Excel courses remain popular at Patagonia. And employees view tutorials on Adobe Illustrator, Photoshop®, and InDesign® extensively. One employee used lynda.com to learn Microsoft OneNote®, and she encouraged colleagues to learn the collaborative, note-taking, and information-gathering software as well.

“She does everything in OneNote now,” Garcia said, adding that she no longer lugs around cumbersome pads of paper. “We are very environmental at Patagonia. Think of how many trees we saved because she’s not filling up those notebooks. She’s gotten her department to use it more, and other departments are catching on.“

On-demand online instruction dovetails nicely with the in-person training that Garcia provides employees, and the latter is often more specific to Patagonia and its processes, he said. “There’s always room for both approaches. Not all learners are solely online learners. Some people like to have the person there in front of them, especially somebody that they know understands their day-to-day.

“One of the things I hope employees get out of any in-person training is not to remember the exact steps of how to do a particular function, but to remember that function is there. And then later, with lynda.com, they can look at that function further and learn it in depth.”

Garcia praised lynda.com authors. “I love the fact that, even though it’s online training, you get to know the instructors. You have the ability to search by instructor and take several of their courses. That makes it different than other online training offerings.”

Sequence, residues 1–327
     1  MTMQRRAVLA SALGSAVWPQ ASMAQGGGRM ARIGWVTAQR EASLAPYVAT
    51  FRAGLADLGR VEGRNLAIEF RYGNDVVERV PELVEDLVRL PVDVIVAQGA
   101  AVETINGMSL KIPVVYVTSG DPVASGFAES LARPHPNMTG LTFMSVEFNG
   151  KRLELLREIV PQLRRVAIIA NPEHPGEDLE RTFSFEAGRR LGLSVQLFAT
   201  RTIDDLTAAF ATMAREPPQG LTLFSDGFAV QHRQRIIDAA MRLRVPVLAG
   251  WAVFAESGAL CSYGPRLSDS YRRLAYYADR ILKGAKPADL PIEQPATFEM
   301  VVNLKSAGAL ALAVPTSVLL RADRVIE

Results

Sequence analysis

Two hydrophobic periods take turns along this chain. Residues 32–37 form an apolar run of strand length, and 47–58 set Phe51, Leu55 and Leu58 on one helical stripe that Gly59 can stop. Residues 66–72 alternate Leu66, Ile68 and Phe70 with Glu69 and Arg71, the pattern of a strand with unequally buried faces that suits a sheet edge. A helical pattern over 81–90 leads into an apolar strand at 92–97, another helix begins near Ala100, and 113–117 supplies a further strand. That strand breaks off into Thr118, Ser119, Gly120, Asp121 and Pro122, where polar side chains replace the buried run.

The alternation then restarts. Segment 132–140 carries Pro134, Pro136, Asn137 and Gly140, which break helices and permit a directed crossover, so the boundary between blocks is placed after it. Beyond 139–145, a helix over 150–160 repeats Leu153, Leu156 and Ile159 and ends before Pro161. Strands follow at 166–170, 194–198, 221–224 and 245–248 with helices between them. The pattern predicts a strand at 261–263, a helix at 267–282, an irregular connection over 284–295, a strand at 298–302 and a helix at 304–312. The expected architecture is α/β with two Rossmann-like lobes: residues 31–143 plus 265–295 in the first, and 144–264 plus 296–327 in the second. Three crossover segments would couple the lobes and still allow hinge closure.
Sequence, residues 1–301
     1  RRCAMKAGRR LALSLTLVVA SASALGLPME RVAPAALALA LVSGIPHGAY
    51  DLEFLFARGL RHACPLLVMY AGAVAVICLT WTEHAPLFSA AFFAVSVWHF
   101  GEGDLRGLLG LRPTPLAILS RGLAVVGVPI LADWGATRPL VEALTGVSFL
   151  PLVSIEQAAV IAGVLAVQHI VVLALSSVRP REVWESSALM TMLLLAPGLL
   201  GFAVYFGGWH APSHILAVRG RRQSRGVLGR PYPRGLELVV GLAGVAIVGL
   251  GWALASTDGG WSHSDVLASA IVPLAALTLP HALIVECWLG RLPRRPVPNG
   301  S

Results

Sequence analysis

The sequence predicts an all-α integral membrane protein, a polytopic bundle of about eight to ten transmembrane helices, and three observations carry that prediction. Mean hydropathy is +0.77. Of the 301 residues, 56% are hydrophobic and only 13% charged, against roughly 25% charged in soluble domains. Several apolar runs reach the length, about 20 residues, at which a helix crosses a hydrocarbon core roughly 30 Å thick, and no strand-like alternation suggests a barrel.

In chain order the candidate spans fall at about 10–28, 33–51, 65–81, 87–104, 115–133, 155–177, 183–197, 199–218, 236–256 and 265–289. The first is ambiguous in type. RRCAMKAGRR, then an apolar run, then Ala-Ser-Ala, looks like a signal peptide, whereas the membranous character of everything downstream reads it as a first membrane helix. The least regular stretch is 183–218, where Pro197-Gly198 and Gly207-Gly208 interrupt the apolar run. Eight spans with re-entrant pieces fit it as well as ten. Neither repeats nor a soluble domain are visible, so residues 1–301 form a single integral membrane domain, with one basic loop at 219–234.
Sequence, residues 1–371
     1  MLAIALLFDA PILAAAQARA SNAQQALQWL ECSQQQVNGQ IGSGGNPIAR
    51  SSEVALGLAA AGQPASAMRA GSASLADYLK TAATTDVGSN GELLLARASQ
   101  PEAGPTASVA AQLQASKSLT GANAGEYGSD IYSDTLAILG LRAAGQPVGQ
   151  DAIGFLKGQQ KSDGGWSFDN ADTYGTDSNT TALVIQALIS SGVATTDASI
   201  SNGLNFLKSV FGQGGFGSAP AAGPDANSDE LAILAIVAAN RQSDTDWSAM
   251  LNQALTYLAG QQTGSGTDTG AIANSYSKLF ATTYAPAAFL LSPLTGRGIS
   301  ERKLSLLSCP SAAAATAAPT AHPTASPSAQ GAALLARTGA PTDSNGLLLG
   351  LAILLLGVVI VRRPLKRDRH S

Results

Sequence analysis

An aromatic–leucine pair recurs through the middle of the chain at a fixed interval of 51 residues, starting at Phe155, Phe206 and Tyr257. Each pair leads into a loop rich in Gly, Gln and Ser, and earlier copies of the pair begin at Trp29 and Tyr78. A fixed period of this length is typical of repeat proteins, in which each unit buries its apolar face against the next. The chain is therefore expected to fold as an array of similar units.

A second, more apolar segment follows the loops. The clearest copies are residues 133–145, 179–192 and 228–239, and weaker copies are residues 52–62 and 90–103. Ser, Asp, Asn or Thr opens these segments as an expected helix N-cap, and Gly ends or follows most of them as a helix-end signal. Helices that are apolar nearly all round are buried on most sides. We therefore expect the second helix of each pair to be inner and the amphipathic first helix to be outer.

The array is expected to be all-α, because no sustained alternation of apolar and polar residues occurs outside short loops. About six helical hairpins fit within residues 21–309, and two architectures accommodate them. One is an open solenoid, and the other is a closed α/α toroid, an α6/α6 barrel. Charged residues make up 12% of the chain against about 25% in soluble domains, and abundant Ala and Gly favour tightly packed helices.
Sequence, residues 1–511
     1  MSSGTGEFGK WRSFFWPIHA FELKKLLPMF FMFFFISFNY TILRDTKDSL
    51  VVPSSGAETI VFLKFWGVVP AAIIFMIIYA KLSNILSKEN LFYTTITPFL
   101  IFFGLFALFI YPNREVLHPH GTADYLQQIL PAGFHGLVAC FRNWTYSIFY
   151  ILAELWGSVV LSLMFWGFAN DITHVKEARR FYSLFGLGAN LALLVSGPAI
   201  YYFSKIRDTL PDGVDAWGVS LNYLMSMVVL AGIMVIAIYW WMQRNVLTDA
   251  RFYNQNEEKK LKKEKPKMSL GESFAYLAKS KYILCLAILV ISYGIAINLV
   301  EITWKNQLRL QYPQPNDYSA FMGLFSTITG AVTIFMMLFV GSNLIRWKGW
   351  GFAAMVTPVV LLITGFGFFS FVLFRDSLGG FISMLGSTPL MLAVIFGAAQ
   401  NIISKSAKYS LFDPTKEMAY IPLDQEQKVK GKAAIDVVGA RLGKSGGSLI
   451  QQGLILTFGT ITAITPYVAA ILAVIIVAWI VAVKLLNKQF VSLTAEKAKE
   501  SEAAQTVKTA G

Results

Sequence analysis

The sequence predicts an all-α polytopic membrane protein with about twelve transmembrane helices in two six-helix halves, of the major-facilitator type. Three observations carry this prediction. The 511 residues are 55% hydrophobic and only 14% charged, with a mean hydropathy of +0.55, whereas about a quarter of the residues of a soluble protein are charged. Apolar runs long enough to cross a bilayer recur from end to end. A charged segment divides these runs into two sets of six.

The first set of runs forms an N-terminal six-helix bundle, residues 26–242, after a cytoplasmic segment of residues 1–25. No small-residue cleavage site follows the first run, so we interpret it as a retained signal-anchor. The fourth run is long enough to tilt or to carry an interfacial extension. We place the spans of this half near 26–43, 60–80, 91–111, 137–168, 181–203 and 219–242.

At Patagonia, lynda.com access is viewed as an added employee benefit and as a recruitment tool, Garcia said. “When I tell a new employee that, oh yes, you get a lynda.com subscription, that seems like a great benefit to them. When I give job candidates a tour, one of the stops is our Learning and Development Department. I mention they would get a lynda.com subscription as an employee. I’m using it at the candidate stage as a selling point.”

Looking ahead

As Patagonia grows its Learning and Development Department, the company plans to integrate lyndaEnterprise with a new learning management system (LMS). Patagonia will assign employees custom learning paths relevant to their roles and track their progress. And the company will likely use lynda.com reporting features to increasingly measure ongoing ROI of the service, Garcia said.

Among other subjects, Garcia said he looks forward to incorporating lynda.com business skills courses such as Time Management Fundamentals, Coaching and Developing Employees, and New Manager Fundamentals into future employee training initiatives. He anticipates these will become more and more important and helpful as company training programs evolve.

In addition, Patagonia plans to increasingly promote lynda.com during new-hire orientations. “We will talk about our intranet, and how to navigate that, and also the various online resources we have. We’re going to do an overview of lynda.com. It will be featured prominently.”

Because traveling sales reps and other employees use iPad® and iPhone® devices, some have begun accessing lynda.com through its iOS app, Garcia said, adding he expects more team members to do so as online training continues to catch on.

“lynda.com has been great,” Garcia said. “People here are really excited about it.”